Covid-19 pandemic has changed people’s behaviour significantly. Be it maintaining social distance, washing their hands more frequently, more of online shopping  or panic buying; the approach has changed a lot. Nowadays, people have exponentially started relying on the digital world more than before. However, they do not seem to realise that some of their actions could make them victims of cyber attacks.

Our researchers at K7 Labs recently came across this twitter post

about a phishing campaign targeting Amazon Android users. This phishing page disguises as an online shopping portal to steal user’s credit card details. It is a variant of the Cerberus banking Trojan which has been blogged about earlier by our researcher. From this, we can figure that Cerberus is not only banking on using COVID-19 keywords to trick users, but is also taking advantage of changes in user’s behaviour to trap them.

Victims are  lured to visit the malicious link http[:]//  (one among many) and download the malware. Malicious behaviour of amazon.apk begins when the user downloads this app as shown in Figure 2.

Figure 1: Amazon phishing page
Figure 2: Phishing link for amazon.apk

Once the installation is complete this Trojan prompts the user to enable accessibility service so that attackers  can monitor user activities on the display screen as shown in Figure 3.

Figure: 3: Enabling Accessibility Service

The Payload

“amazon.apk” decrypts the malicious payload file called IRIJENY.json to an executable dex format,  from the assets folder and loads the decrypted dex file as shown in Figure 4 and Figure 5 below. The logcat image shown in Figure 5 shows the IRIJENY.dex file execution at runtime.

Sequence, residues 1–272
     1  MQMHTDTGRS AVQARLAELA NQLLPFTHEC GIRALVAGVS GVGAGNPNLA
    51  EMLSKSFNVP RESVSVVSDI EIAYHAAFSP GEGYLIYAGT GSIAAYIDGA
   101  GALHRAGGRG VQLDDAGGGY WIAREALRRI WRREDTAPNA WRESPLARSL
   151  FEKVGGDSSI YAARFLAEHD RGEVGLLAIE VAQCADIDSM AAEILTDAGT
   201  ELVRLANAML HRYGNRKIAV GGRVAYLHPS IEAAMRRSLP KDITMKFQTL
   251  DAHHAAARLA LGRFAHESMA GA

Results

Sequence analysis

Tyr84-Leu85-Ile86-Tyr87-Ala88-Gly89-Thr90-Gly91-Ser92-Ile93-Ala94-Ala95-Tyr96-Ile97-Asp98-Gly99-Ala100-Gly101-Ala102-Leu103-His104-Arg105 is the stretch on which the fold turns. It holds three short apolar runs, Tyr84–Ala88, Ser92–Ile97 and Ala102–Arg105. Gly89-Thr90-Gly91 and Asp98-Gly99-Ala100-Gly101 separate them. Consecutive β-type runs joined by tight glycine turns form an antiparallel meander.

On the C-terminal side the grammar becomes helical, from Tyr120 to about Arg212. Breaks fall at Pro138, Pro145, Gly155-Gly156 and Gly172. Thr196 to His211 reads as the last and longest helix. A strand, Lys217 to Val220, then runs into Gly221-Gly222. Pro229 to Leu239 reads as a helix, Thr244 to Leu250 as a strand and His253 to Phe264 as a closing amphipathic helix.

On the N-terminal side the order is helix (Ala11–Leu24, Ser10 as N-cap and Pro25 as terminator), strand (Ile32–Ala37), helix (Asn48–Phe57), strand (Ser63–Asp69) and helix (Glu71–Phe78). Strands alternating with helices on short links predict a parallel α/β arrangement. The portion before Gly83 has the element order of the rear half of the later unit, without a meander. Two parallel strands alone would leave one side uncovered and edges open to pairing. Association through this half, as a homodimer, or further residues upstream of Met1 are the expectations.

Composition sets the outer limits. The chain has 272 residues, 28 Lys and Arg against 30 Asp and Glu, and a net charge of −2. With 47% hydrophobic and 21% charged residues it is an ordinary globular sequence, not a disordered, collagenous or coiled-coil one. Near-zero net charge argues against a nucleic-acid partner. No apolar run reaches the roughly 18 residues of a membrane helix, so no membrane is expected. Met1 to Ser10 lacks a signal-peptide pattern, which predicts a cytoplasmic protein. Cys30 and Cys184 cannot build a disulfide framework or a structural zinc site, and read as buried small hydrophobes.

Figure 4:  Encrypted dex file inside APK
Figure 5: logcat image showing the decrypted dex file

When the payload IRIJENY.dex is decompiled it shows the obfuscated code of the malware as shown in Figure 6. 

Figure 6: Obfuscated class names from dex file

String Decryption

To evade detection, all the strings within the class, IRIJENY.dex are base64 encoded and the resulting decoded strings are RC4 encrypted strings with a decryption key specific to each string. Interestingly, each encrypted string has its unique RC4 decryption key prepended as the first 6 bytes of the encrypted string. Figure 7 shows the decoding and decryption routine used by the malware.

Figure 7:  Decryption routine

For instance, for the encoded string, “hisxppdwpnqsYzQ5NjlhMDIwNTFkYmQwODVlODYxZThhOTA2MzI3NWZjMjFmNDBiZWJjODg0MmM5Mjg=”, RC4 decryption key is “hisxppdwpnqs”, and the actual string is “packageNameActivityInject”.

The output after decrypting the strings for a few other encoded strings is as shown in Figure 8.

Figure 8: Strings after decryption

Figure 9 shows some of the decrypted strings (given in red) from the malware class file.

Figure 9: Encoded strings used by the malware

The goal of the Trojan is to exfiltrate detailed credit card data held on the device and store it to the SQLite database file called Web Data, created by the malware  as shown in Figure 10.

Figure 10: SQLite table structure

C2 server communication

This malware then communicates to the C2 server “http[:]//” to transfer the exfiltrated data.

Figure 11:  Network Packet containing the URL http[:]//

Indicators of Compromise (IoCs)

Distribution: http[:]//

C2: http[:]//

Hash:  2ce8a6a361ca57009cef9640c02dc44a3a084371c1f7a9d2ddc5b4d0394fd90a

K7 Detection Name:  Trojan ( 005633ff1 )

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